Are Your Executives Obsessed with the Right Things?
One of the most common bits of feedback I get from clients about their experience with EOS® is that it has simplified their work. Before adopting EOS, most of them were either rudderless—shifting with every change in their Visionary’s mood—or in a rut.
They all knew they had a problem, but trying to fix it felt like putting together ten jigsaw puzzles from the same pile of pieces.
Done well, simplification gets to the heart of problems without sacrificing smarts.
Patrick Lencioni’s book, The Four Obsessions of an Extraordinary Executive, often is high on my list of recommendations for new clients. I don’t just want their Visionary or Integrator to read it. Everyone on the leadership team can benefit from it. Why? Because it offers a simple set of rules for improving as a business leader and, ultimately, building a strong company.
In a nutshell, here are Lencioni’s Four Obsessions:
- Build and maintain a cohesive, trusting leadership team.
- Create organizational clarity.
- Over-communicate the plan.
- Reinforce the message.
Here’s how I’ve seen these principles play out.
Cohesion is a team effort.
When I hear a business claim it’s just like a family, I wonder if that includes the drag-out arguments that families have. For companies that really mean it, arguments might be a normal thing. The challenge with arguments is to keep them productive.
In EOS, tools like IDS™ offer a solution. At the end of the argument, there needs to be a solution: a tangible, measurable, realistic goal for addressing the source of the conflict.
One of the family businesses I work with has quite a few strong personalities. The arguments during our early sessions made me wonder if the team was on the edge of falling apart. They told me they’d argued like this for years. The trouble was that they’d usually storm out of the room without resolving their differences.
I’m not going to tell you that EOS miraculously turned this crew into the picture of harmony. They still argue, but once tempers settle someone will say, “Let’s IDS this.” The result is they find a path forward quickly, because finding that solution is baked into their “argument framework.”
Organizational clarity starts with who you are.
A business that tries to be something it is not will usually fail. Some businesses fail because they’ve cut out the important step of understanding themselves. Dialing in core values and the business’s goals—and agreeing to them as a team—is the essential starting point for achieving organizational clarity.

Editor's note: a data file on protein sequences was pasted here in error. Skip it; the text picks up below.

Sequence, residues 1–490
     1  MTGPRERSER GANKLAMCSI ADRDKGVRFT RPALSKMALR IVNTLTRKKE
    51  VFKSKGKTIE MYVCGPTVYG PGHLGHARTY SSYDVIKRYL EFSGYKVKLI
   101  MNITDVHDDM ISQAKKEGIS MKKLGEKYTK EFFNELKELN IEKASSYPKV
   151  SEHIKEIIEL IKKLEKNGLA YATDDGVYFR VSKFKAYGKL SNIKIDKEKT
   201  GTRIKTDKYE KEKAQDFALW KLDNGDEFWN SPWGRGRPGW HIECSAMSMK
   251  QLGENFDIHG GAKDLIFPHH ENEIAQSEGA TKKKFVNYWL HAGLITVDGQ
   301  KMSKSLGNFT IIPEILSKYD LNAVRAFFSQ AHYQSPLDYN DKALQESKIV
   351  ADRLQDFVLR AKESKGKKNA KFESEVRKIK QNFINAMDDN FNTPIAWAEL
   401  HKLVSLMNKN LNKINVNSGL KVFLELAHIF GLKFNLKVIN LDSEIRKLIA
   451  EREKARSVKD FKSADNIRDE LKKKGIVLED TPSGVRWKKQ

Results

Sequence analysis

The team of one of my clients struggled to agree about their shared values during their Vision Building day. The company’s founder and Visionary wanted the focus to be on a strong culture for employees, so people would want to build their entire careers there. His Integrator saw things very differently. She had a background in finance and wanted the company to focus on building shareholder equity first. Although she agreed that happy employees were important, she sharply disagreed with the sacrifices that would be required to accomplish what the Visionary had in mind.
A few months later, the founder was looking for a new Integrator. Discovering such a big gap in thinking at that stage of the process was a valuable thing for the business and for the people involved. It helped them avoid trying to fit square pegs into round holes.
Get used to repetition.
Lencioni encourages his readers to reduce their message to a mantra that gets repeated all the time. The company’s big plans need to be repeated in conversation, in email, in print, and even in the art on the walls.
In many ways, EOS makes the process of repeating the plan easier for everyone. The V/TO™ provides a formal reference that can be shared within the company, and even outside it. If anyone on the leadership team is ever in doubt about the “why” behind an effort, they can refer to the V/TO.
A strong Visionary-Integrator duo I support has developed a habit of always communicating where the company is in its goals for the year. By doing this, they’ve found employees are excited to achieve milestones. Their CEO told me, “They’ve become emotionally invested in our success.”
Reinforcement is about smart management.
Lencioni’s last Obsession is the hardest part for many executives I know. Making good hiring decisions is tough enough. Knowing when to discipline an employee and when to make a termination can be especially hard. But these are all crucial to being a good boss.
When Gino Wickman designed EOS, he had this pain point squarely in mind. For example, the People Analyzer™ is one of my favorite tools for getting to the essence of whether a candidate is the right fit for the business.
I help one of my clients by being part of their interview process. My approach is to look for those “plusses and minuses” that the People Analyzer calls for.
I recently interviewed a candidate the client was excited about. She seemed to offer the skills and attitude they urgently needed, but they wanted a second opinion. When I interviewed her I began noticing red flags. In particular, her go-it-alone attitude seemed incompatible with the business’s core emphasis on collaboration.
I raised my concerns with the team and they had a follow-up interview with the candidate, this time probing the values fit more deliberately. Their Integrator later told me I’d saved them from making a big mistake. The truth is that EOS had saved them, not me!
Get obsessed! How is your leadership team working to improve its approach to management? If you haven’t already, be sure to check out The Five Obsessions of an Extraordinary Executive. Reach out to me if you’d like to talk about how EOS can turn Lencioni’s ideas into action. Call me at (818) 649-1103 or send me an email.